This week the government of Japan inked an agreement with the southeast Asian nation of Laos that will permit Japanese firms to earn carbon credits and assist the landlocked country of 6.2 million with the reduction its carbon dioxide emissions. This is the seventh such agreement under the Joint Crediting Mechanism (JDM) between Japan and a developing country.
Curiously, the country that hosted the Kyoto climate talks over twenty years ago and sparked the eponymous protocol is now launching carbon credit programs on its own. Compared to the Clean Development Mechanism (CDM), which emanated from the Kyoto Protocol, JDM programs are solely between the two governments: Japan’s and the other country with whom such an agreement is signed. One complaint of the CDM program is that companies wishing to launch carbon credit programs must go through a lengthy and layered process under the auspices of the United Nations—Japan’s program, on the other hand, skips such steps entirely.
So why would Japan venture on its own with its own low-carbon scheme?
First of all, Japan’s carbon emissions have surged since the Fukushima Daiichi nuclear disaster in the wake of the 2011 earthquake and tsunami. Japan’s nuclear energy sector has remained largely shuttered: out of the country’s 50 nuclear reactors, only two are currently in operation as many have been closed or shut down for safety inspections. As a result, Japan has had to import more fossil fuels to pick up the slack—and has seen CO2 emissions rise as a result. Indeed, the Japanese have been aggressive about energy conservation, including the iconic and very brightly lit Ginza district in Tokyo (pictured above right). Turning off the lights at night, however, has not stopped the increased flow of oil and greenhouse gas emissions. Hence opportunities abound for Japanese companies to invest low-carbon technologies in nations that have set emission reduction targets but lack the capacity to tackle such goals. Such products and services will therefore end up in new markets, and in theory will boost sustainable development efforts abroad. In the Ministry of Environment Japan’s words, such actions in those countries will contribute to “those emission reductions or removals to achieve emission reduction targets of the developed countries.”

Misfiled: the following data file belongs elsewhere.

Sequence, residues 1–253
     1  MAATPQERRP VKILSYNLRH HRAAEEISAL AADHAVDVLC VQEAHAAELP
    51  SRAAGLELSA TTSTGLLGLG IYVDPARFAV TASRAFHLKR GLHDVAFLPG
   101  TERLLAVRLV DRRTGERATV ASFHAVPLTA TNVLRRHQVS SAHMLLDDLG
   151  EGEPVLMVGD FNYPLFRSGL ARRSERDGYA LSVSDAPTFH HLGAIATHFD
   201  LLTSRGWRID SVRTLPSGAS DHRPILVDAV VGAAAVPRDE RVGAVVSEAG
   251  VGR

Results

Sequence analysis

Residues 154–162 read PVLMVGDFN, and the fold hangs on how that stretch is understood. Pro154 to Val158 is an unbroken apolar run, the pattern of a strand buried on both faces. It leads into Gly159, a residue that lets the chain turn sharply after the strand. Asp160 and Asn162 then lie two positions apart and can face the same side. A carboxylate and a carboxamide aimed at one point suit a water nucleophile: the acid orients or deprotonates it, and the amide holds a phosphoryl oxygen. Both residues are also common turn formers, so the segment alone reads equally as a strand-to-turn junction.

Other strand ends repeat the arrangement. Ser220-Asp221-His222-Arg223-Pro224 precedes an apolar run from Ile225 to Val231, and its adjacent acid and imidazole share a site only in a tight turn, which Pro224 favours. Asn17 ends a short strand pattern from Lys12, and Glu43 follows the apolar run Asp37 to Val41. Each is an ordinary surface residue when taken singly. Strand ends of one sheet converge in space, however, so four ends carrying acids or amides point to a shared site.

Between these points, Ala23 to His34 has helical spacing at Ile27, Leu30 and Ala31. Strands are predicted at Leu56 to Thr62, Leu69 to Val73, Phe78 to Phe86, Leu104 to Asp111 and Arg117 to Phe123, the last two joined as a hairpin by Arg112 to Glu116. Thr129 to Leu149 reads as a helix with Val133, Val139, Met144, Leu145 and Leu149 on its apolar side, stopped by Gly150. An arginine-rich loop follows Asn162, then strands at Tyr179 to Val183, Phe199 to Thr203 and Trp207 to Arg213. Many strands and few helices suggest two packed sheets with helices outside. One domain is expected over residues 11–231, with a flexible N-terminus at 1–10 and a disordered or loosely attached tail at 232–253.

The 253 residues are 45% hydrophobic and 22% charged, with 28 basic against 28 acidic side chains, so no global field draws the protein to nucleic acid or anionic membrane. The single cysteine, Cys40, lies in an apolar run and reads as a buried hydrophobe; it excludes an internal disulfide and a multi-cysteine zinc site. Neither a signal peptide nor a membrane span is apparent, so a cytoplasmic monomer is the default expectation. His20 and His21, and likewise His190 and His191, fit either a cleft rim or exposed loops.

Even before Fukushima, Japan was one of the world’s largest greenhouse gas emitters in the world, and according to Reuters, government officials realized domestic measures alone would not help the country reach a 25 percent emissions reduction target from 1990 levels by 2030. Therefore the government began considering a bilateral emissions program as far back as 2010.
In turn, after a generation of stagnation and then the Fukushima disaster’s aftermath, Japan’s economy is recovering. Many of the Japanese economy’s fundamentals are still worrisome, but amongst the world’s seven largest economies, Japan’s is currently growing at the most rapid pace. Japan’s business community, including the clean technology sector, enjoys a level of confidence unseen in years. As more nations look to ways in which they can reduce carbon emissions, Japanese companies’ efforts in Laos and beyond are a path to show leadership in a market most likely to experience further growth. In the end, such close financial, technological and capacity building support is a way for Japan to flex its diplomatic and international aid muscles after two decades of relative silence.
Based in Fresno, California, Leon Kaye is the editor of GreenGoPost.com and frequently writes about business sustainability strategy. Leon also contributes to Guardian Sustainable Business; his work has also appeared on Sustainable Brands, Inhabitat and Earth911. You can follow Leon and ask him questions on Twitter or Instagram (greengopost).